While named storms over time is indicative of how TCHP may be affecting the formation of tropical cyclones, a way to determine atmospheric-oceanic conversion of energy is necessary. Accumulated Cyclone Energy (ACE) is used for this comparison. ACE is a sum of the squares of maximum winds in a hurricane over the duration of the hurricane in 10⁴ knots² (Emmanuel, 2005). Records of ACE are kept by NOAA’s National Hurricane Center. Figure 9 shows an upward trend of ACE of 1.323 x 10⁴ knots² per year for storms in the north Atlantic basin. It is to be noted that the variability from year to year is large and that the 2005 season acts as an outlier, shifting the trend upward more than it otherwise would be.
Maue (2011) presents an analysis on the different ocean basin’s contribution to global ACE, which has been trending downward since the 2006 La Nina. The north Atlantic, on average, contributed only 14% to the worldwide ACE from 1979 to 2010, yet contributed almost one-third of ACE in years such as 2010 (Maue, 2011). Much of this can be attributed to La Nina creating favorable atmospheric conditions for hurricane development in the Atlantic. While the Atlantic basin’s trend in ACE has not been overwhelmingly positive, its contribution to global ACE has been. Kossin et al., (2010) attributes this to a shift in the type of Atlantic hurricanes to ‘Cape Verde’ hurricanes. Cape Verde hurricanes are named by their location and typical track. These hurricanes become more intense and exist for long periods of time, contributing to ACE (Kossin, 2010).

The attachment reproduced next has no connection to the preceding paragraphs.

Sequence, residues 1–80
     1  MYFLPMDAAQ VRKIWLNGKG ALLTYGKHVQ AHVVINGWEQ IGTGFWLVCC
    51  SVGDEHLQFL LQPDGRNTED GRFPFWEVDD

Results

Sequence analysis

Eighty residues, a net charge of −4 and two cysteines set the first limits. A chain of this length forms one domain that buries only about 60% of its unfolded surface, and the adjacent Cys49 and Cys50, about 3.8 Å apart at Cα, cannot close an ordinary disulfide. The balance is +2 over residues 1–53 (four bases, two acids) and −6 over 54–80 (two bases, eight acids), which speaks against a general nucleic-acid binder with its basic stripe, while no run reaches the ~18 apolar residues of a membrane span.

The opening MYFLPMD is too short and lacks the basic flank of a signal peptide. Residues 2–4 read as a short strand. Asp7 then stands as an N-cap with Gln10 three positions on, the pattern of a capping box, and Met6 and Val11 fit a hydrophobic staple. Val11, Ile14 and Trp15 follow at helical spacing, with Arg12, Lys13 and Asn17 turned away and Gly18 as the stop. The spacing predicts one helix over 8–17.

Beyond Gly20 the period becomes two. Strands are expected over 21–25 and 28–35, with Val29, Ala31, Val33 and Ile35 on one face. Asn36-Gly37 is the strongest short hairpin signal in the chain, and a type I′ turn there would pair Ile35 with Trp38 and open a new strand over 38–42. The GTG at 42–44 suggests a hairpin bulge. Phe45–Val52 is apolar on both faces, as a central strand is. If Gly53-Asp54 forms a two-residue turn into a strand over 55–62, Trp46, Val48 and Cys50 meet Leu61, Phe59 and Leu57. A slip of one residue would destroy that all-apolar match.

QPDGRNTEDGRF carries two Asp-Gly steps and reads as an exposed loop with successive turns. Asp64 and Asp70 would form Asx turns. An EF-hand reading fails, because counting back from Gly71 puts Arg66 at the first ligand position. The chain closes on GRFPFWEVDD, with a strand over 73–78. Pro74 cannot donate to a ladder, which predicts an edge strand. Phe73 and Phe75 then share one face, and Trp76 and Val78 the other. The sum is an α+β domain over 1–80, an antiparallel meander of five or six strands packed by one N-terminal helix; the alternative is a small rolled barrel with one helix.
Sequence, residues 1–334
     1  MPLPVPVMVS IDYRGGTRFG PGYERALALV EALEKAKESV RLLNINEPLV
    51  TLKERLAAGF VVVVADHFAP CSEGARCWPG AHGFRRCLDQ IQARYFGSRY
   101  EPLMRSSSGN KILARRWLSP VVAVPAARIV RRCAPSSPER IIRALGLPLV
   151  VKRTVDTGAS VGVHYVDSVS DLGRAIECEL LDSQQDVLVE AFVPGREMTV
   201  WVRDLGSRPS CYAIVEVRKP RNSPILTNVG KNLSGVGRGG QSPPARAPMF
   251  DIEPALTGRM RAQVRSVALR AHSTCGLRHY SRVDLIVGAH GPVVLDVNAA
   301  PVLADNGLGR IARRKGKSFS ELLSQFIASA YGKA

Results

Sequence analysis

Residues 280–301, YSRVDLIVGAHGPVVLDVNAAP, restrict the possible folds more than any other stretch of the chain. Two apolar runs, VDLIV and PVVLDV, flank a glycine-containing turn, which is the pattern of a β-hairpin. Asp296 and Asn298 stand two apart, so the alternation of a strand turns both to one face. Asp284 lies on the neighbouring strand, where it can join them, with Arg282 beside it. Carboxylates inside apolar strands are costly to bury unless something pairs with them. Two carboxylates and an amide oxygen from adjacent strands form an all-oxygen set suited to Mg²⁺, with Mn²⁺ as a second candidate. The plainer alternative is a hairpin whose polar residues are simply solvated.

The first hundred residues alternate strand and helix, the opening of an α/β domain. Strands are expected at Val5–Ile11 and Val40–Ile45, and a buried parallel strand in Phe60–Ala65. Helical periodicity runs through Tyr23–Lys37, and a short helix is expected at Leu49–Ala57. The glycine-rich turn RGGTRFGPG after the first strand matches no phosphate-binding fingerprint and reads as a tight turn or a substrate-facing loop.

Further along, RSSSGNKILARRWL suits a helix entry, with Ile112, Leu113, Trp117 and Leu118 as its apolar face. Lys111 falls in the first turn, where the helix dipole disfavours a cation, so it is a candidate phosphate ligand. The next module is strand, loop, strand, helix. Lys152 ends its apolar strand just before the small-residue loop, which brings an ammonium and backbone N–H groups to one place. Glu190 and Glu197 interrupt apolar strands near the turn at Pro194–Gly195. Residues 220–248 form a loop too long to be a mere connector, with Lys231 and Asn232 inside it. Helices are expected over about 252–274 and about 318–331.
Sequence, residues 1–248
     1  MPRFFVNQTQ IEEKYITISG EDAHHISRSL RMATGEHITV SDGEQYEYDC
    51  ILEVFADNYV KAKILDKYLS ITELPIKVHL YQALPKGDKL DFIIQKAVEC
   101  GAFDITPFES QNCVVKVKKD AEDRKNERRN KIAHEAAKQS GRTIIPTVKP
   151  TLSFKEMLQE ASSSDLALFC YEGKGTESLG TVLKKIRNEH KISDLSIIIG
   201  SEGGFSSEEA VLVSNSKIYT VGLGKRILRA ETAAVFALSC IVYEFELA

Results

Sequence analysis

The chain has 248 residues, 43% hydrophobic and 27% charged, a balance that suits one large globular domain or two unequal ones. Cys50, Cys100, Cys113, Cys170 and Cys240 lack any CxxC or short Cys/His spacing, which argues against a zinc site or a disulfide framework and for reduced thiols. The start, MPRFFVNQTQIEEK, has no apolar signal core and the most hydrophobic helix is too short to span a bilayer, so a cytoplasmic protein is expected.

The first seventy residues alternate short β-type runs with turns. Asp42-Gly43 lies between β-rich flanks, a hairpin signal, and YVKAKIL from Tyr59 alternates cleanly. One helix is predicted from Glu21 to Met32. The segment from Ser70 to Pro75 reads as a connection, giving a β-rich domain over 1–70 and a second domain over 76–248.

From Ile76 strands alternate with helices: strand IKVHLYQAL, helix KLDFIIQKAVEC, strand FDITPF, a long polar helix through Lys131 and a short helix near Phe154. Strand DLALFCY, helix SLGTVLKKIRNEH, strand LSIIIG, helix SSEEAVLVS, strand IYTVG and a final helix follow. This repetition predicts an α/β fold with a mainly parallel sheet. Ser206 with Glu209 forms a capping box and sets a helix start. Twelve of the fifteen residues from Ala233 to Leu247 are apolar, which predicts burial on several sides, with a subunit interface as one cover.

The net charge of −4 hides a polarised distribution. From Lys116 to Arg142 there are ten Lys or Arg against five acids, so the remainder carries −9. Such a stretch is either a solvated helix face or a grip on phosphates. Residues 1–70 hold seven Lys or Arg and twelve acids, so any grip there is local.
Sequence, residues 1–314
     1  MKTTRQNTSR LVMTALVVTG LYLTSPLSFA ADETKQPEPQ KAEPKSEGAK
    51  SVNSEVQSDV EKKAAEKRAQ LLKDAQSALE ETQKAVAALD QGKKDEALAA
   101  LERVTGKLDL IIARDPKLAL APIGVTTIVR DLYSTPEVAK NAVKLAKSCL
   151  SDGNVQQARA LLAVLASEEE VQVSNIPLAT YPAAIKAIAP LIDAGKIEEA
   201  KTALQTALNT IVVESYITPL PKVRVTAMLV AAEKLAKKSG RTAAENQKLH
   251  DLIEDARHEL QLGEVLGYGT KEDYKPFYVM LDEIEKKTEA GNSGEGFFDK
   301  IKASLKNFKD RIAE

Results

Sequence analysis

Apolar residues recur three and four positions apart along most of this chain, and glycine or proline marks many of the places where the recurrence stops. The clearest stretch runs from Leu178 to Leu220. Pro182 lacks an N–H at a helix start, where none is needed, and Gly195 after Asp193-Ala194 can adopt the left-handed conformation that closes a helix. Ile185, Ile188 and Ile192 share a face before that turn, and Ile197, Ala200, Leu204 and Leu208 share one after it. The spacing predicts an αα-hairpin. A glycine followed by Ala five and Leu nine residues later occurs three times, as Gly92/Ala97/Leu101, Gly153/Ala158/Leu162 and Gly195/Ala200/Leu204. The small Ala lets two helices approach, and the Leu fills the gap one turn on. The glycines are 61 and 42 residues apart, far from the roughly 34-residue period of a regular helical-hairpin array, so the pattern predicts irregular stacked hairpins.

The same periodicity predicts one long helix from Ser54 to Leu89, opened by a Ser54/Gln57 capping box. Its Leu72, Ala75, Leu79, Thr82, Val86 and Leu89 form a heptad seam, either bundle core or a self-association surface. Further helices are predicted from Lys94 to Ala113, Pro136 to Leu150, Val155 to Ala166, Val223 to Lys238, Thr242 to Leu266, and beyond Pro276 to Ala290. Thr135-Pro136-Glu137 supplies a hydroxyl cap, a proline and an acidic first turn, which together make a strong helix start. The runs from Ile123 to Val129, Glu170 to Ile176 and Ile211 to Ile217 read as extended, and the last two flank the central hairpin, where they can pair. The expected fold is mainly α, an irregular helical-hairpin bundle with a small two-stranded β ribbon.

Northwest Pacific Ocean
In the 1993 to 2012 period, the average June to November SST rose from an average of 27.57℃ to 27.86℃ between the regions 105°E and 180°E, 5°N and 40°N. The trend for this period of time was 0.0113℃ per year, slightly less than that of the Atlantic Ocean (Figure 10). Contrary to the Atlantic over this period, the northwest Pacific Atlantic on average had already met the 26℃ requirement for tropical cyclone development. Assuming the sea surface temperature is valid to a depth of ½ meters, and given the area of this region is approximately 65% water, the estimated heat gained is 5.14 x 10¹⁴ KJ per year over the ½ meters deep of the region. This is slightly less heat gained than the Atlantic Ocean.
TCHP gained on average 1.02 KJ/cm² per year in the northwest Pacific basin (Figure 10). Distributing this across the area of the Pacific basin studied equates to a total added usable energy for tropical cyclogenesis of 2.44 x 10¹⁷ KJ each year. The total tropical energy added each year to the Pacific basin is ten times the amount added to the Atlantic basin, despite the fact that the Atlantic’s average SST is increasing at a higher rate. This is due to the Pacific’s larger area of ocean with average SST above 26⁰C. Much of the Pacific contains energy usable for tropical cyclogenesis, so increases in the energy of the Pacific due to SST increases are directly transferred to TCHP. Describing TCHP as ‘usable’ energy may be misleading however, as water many meters under the surface is obviously not accessible to a passing tropical cyclone. It is only accessible after hours of churning over the ocean and significant upwelling occurs. Also, one basin may be more affected by changing atmospheric circulations.